Complex entity management through EATS: the case of the Gascon Rolls Project
Litta Modignani Picozzi, Eleonora, King’s College London, UK, email@example.com
Norrish, Jamie, King’s College London, UK, firstname.lastname@example.org
Monteiro Vieira, Jose Miguel, King’s College London, UK, email@example.com
Managing entities like people, places and subjects across a large corpus of textual documents can be complicated. While the TEI guidelines offer a sound basis for the encoding of a great variety of textual material, there does not seem to be a general agreement on how to manage information that goes beyond the text, like entity information and relationships between entities.
At the Department of Digital Humanities at King’s College London, past solutions for entity management have included the implementation of the following:
Simple XML authority files that contain basic information about all the entities in the corpus;
EAC files, where a file is created for each entity and linked from the texts using IDs;
Bespoke databases, that are very tied to a specific project and are not designed to be reusable;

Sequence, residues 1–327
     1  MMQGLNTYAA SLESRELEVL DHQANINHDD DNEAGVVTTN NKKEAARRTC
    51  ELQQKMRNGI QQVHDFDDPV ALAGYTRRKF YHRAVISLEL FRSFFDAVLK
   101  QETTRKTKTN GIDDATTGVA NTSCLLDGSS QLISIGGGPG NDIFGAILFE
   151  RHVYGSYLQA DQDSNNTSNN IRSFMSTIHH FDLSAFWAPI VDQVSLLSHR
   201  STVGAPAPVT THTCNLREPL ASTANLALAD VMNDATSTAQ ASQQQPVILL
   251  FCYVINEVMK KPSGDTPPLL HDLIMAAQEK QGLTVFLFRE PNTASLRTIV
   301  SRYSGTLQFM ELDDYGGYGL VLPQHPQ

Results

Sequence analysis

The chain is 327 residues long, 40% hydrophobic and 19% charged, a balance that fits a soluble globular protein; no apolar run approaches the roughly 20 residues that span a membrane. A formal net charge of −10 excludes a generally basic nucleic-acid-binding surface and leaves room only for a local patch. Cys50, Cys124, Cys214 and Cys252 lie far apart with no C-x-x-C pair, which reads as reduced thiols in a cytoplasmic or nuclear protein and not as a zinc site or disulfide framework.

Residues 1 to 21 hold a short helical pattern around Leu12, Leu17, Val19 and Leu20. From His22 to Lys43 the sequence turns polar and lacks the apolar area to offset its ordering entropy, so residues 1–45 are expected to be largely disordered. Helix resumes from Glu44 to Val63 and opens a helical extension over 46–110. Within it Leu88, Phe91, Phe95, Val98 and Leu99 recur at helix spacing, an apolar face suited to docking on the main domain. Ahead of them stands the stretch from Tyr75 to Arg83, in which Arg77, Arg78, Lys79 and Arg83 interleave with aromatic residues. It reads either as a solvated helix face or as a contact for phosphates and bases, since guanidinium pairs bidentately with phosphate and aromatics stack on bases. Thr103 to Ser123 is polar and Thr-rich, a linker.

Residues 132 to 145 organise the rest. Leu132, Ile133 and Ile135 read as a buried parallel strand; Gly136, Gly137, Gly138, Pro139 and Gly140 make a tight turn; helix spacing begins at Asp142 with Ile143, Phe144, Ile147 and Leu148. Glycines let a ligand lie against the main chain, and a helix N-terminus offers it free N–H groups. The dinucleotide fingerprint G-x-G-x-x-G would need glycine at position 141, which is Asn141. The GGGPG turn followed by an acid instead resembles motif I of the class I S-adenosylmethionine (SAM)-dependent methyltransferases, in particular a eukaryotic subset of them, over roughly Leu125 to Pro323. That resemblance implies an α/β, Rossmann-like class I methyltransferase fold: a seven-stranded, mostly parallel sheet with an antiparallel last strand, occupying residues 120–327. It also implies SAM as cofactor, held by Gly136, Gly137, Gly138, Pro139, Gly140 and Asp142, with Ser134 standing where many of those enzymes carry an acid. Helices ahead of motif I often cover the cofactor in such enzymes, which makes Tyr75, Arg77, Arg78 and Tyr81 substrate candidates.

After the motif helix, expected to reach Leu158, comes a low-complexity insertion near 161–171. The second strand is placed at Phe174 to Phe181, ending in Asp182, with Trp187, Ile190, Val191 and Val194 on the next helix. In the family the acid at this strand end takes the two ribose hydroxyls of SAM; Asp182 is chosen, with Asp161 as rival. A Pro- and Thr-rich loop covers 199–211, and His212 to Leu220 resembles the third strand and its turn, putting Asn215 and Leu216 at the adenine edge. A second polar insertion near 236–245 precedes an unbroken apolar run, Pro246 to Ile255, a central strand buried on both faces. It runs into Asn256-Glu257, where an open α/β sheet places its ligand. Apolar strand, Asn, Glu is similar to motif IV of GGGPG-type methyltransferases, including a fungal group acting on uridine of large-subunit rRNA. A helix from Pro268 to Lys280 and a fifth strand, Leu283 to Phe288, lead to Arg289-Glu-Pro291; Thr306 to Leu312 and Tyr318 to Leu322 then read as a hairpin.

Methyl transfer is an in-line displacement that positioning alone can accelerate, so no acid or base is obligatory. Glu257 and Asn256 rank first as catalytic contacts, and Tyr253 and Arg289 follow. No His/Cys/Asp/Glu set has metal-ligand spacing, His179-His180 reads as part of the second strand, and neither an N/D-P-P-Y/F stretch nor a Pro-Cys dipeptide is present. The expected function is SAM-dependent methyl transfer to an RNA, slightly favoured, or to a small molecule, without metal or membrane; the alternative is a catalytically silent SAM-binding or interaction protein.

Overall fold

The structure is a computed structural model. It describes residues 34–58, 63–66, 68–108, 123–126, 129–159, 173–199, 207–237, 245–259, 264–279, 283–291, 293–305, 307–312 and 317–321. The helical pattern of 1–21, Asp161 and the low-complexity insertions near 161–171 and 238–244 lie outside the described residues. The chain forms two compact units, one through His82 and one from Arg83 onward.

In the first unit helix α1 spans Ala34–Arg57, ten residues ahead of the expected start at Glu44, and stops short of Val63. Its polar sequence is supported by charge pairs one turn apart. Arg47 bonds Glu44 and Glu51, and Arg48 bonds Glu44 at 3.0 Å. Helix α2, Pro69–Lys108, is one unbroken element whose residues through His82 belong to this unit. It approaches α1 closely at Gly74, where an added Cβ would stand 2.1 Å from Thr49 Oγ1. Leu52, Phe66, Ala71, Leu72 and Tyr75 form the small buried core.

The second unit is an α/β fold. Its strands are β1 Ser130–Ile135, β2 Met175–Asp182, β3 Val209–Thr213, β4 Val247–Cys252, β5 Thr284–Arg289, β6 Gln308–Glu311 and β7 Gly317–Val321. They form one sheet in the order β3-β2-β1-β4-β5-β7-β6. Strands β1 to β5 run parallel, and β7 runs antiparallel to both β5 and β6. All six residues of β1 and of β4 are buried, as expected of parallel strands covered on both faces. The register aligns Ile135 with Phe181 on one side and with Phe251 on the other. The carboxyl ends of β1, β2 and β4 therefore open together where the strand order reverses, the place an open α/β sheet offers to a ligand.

But all of these seemed either to be too simplistic and hard to maintain, or too complicated for the requirements we had in the Gascon Rolls project.2
In this abstract we will demonstrate how we successfully applied the entity management tool EATS (Entity Authority Tool Set),3 in the context of this project, to successfully manage entity information.
The Gascon Rolls Project (1317-1468) is an AHRC-funded collaborative venture between the Universities of Oxford and Liverpool, and the Department of Digital Humanities at King’s College, London. It began in October 2008, and is due to end in December 2011.
The main aim is to make the unpublished records of the English Government of the Duchy of Aquitaine (1154-1453)4 available to everyone, both in electronic and printed forms.